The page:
Bradycardia, Hypotension, and Hypoglycemia: Is Propranolol Safe for Infants?

William T. Basco, Jr, MD, MS


September 18, 2018

Infantile hemangioma is relatively common.[1] These benign vascular neoplasms generally appear after birth and increase in size during the first 6 months of life, stabilize in size at age 12-18 months, and then begin to involute.[1] In the later 2000s, infants began to be treated with propranolol for infantile hemangioma; however, potential side effects, including bradycardia, hypotension, and hypoglycemia, raised concerns about the risk-benefit of treatment.

A recent study[1] used the French national medical database to evaluate the safety of oral propranolol at the population level. From this database, infants exposed to propranolol were identified and a comparison cohort of nonexposed children was selected. The cases were all infants < 3 years old who had received at least one dose of propranolol, given between 2014 and 2016. The aim was to determine whether cardiovascular, respiratory, or metabolic problems were any more frequent among children treated with propranolol compared with the untreated comparison group.

The authors subsequently excluded the infants who received only one dispensing and another 269 infants with some sort of underlying disease, leaving a final group of 1484 exposed infants who had received more than one dose. Standardized mortality ratios (SMRs) were calculated to compare the frequency of observed versus expected events between the treatment group and the comparison group.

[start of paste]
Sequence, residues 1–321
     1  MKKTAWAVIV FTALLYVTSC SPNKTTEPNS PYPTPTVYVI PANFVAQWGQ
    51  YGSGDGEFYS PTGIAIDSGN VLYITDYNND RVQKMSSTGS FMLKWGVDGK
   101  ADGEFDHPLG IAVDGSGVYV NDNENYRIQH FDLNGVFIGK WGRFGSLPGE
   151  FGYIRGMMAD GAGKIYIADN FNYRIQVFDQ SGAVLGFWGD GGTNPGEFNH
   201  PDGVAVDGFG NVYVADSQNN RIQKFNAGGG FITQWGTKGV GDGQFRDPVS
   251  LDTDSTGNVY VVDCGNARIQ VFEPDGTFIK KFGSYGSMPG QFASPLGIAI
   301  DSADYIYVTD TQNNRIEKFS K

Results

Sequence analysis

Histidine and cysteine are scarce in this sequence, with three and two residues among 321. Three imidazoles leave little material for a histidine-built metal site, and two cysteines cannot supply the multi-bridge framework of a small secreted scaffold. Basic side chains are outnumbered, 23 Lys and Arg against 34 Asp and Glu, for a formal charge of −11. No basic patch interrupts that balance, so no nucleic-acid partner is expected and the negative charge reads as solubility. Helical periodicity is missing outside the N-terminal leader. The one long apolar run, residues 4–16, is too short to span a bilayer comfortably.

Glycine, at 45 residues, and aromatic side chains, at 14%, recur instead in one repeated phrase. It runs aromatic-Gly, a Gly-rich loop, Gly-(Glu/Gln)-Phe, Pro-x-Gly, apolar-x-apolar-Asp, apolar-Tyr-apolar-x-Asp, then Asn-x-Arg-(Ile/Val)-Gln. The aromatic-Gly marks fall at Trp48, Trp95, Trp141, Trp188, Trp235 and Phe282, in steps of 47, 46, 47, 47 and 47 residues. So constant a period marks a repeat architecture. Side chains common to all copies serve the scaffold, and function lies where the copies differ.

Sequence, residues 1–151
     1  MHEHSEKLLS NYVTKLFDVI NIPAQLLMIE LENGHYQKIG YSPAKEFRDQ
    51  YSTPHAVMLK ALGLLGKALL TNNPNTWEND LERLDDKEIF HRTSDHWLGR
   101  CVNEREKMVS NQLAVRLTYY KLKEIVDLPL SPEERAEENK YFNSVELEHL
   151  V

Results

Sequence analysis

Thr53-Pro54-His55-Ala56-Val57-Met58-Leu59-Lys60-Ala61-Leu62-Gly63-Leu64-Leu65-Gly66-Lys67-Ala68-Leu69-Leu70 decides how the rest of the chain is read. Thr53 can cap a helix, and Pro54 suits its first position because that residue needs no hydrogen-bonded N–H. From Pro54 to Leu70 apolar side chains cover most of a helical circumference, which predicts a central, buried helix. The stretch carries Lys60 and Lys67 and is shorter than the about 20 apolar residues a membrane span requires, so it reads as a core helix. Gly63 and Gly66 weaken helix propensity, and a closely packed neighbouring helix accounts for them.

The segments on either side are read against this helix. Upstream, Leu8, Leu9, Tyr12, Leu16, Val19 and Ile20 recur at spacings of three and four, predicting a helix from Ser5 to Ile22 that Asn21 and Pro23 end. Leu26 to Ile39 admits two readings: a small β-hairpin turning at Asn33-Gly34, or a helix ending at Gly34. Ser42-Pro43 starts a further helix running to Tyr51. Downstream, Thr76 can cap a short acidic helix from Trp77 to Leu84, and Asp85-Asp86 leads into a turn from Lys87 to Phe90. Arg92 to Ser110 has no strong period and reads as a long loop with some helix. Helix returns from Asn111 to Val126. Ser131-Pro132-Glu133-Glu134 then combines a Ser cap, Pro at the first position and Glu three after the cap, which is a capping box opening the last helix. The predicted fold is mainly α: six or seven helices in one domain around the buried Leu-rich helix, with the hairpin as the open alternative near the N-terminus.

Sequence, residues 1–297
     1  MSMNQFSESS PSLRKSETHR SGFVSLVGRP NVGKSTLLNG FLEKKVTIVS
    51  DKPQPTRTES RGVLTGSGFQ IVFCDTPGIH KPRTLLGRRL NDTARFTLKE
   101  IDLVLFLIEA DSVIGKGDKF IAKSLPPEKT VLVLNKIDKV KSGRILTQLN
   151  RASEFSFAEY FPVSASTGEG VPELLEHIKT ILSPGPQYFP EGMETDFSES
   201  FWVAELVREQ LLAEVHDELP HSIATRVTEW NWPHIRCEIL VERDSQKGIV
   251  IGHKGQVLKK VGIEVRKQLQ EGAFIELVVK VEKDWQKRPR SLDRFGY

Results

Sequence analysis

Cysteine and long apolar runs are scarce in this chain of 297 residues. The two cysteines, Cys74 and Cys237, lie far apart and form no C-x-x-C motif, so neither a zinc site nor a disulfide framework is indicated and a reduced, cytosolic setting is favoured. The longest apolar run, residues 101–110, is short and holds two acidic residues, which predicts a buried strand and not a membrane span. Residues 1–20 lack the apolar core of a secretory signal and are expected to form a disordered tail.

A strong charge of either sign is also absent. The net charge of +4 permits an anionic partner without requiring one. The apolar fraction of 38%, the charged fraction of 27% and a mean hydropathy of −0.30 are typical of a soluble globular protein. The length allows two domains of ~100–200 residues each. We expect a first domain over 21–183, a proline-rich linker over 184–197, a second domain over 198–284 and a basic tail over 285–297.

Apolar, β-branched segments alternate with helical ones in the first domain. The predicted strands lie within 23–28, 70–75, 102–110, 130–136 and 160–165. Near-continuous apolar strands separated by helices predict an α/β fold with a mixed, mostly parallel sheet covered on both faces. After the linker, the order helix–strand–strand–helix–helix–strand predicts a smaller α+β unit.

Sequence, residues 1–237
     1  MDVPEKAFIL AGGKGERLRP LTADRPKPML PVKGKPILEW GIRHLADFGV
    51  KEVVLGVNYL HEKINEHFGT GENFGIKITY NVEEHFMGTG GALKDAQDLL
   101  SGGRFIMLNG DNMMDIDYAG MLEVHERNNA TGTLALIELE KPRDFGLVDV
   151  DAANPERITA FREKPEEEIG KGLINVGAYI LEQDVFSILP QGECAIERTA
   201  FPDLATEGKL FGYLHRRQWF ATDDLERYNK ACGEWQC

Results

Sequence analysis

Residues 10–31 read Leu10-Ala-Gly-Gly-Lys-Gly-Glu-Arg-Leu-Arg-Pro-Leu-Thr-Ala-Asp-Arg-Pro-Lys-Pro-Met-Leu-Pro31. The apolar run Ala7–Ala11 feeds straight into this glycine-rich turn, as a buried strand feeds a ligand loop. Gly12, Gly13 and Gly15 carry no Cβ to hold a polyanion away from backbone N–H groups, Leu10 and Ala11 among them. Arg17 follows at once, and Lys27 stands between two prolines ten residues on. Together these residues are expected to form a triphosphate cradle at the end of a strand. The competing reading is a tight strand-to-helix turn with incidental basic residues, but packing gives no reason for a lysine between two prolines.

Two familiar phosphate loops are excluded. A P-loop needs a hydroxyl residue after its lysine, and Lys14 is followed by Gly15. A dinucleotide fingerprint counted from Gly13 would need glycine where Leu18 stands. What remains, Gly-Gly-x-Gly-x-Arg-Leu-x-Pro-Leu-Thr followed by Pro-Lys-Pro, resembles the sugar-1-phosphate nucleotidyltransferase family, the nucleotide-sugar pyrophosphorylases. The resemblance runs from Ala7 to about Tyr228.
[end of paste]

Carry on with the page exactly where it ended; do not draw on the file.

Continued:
Only two healthy children experienced cardiovascular events, with an SMR of 2.8 (95% confidence interval [CI], 0-6.7), meaning that it was not significant. The SMR for respiratory events was 1.7 (95% CI, 1.2-2.1); this result was primarily driven by an increased risk for bronchiolitis among treated infants. Finally, only three infants experienced metabolic events, for an SMR of 5.1, yielding a 95% CI that included zero. These data suggest an overall safe profile for the use of propranolol for treating infantile hemangioma in young infants.


We may never have the opportunity to see randomized data for treatment of infantile hemangioma, so a population-based evaluation such as this one is very helpful in providing evidence on the safety of propranolol treatment. Certainly, any provider who has treated a significant number of infants with propranolol has treated some who had bradycardia or hypoglycemia (making the provider nervous). Guidelines suggest starting therapy with the infants under observation (in the hospital for infants < 8 weeks or postconception age < 48 weeks).

Monitoring large population databases such as this one allows infants to be assessed across the entire treatment course and suggests overall very low rates of potential side effects. Given how revolutionary the use of propranolol has been in the treatment of infantile hemangioma, careful monitoring and appropriate dosing of patients should allow many children to benefit from this treatment.


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